He called in his counsellor, the prophet Nathan, and told him of his project. Taken by surprise, the prophet approved the king’s plan, but as he reflected on it during the same night, he saw that God did not want the Temple to be built by David but by his son Solomon. Why? The Book of Chronicles gives this reason: “You have spilt too much blood and fought great wars; it is not for you to build a house to my name, since you have shed much blood on this earth. Your son … will be a man of peace… He must build a house in my name” (1 Chr. 22:8-10).
Nathan did not stop at the problem of building the Temple but continued his prophesy in reply to the other great doubt worrying David: the succession to his throne. He told the king: “You will not be the one to build a house for God. God himself will instead build a stable, a solid and eternal house for you. What house did the prophet mean? The word ‘house’ in the Bible is not just used for material buildings made of bricks, but it also stands for ‘family’ and ‘posterity’. Nathan used the word house in these senses. God, through the words of the prophet was promising David that a ‘son’ of his would succeed him and that his dynasty would reign forever; the throne of Israel would always belong to his family.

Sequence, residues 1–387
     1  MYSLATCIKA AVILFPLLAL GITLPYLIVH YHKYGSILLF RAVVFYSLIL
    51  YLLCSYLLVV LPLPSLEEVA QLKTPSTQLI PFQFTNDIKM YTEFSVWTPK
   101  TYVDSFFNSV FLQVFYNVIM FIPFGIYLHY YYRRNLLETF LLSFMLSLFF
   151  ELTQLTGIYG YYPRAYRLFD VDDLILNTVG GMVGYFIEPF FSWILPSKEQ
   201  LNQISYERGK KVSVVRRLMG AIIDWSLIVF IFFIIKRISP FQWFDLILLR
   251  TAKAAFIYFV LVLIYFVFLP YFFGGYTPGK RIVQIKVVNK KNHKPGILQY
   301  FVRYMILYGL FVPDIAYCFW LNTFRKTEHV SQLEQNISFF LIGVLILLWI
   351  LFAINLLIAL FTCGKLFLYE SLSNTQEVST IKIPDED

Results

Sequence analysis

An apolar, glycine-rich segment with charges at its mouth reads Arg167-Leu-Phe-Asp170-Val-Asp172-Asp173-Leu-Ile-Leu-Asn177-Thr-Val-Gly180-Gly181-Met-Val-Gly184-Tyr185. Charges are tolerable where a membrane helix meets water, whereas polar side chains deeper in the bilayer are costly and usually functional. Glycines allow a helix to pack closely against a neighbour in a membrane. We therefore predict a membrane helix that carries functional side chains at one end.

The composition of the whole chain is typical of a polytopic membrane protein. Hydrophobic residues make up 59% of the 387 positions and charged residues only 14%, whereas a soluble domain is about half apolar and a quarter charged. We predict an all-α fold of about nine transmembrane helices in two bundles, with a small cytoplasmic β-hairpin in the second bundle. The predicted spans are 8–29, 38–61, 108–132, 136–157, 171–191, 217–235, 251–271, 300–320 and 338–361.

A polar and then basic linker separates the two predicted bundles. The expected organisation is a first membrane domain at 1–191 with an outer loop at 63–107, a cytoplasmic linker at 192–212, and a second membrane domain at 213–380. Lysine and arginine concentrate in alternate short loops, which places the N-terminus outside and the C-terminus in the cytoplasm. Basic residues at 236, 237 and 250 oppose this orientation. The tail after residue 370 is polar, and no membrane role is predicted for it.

Anyone listening to the words of Nathan must have thought that the prophet was just trying to cheer up David (poor old man!) with some nice words that could never come true; but God meant all of them! In the history of Israel this prophecy came to have an extraordinary importance. When the descendants of David came to find themselves in very difficult situations, the prophets would hearten them with the reminder that God was faithful to his promise. Even when the Babylonian armies put an end to the dynasty of David, the people of Israel knew that God’s words were irrevocable; thus they began expecting a great new king, a descendant of David, who would make Israel once again powerful and its reign permanent.